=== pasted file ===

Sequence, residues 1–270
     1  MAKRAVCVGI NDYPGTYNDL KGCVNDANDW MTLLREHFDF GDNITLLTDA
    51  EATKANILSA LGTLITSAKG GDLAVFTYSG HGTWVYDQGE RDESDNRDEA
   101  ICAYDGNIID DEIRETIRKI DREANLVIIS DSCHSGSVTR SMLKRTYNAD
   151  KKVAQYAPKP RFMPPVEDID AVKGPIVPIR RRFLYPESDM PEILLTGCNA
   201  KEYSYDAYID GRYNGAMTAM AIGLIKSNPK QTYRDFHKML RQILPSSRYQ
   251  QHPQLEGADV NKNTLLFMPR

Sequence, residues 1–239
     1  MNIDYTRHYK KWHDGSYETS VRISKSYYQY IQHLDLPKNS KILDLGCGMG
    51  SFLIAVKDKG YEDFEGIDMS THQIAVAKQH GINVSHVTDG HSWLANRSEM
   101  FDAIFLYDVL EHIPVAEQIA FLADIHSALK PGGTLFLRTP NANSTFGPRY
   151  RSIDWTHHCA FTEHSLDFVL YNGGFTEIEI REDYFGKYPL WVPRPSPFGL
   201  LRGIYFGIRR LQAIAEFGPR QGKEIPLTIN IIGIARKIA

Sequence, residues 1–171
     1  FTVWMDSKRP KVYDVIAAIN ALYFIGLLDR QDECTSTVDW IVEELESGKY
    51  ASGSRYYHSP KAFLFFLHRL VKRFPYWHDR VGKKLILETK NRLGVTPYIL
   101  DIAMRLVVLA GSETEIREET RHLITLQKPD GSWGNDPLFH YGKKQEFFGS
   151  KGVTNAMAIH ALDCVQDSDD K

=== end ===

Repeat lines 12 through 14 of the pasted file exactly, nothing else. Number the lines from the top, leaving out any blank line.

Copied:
   151  RSIDWTHHCA FTEHSLDFVL YNGGFTEIEI REDYFGKYPL WVPRPSPFGL
   201  LRGIYFGIRR LQAIAEFGPR QGKEIPLTIN IIGIARKIA

Sequence, residues 1–171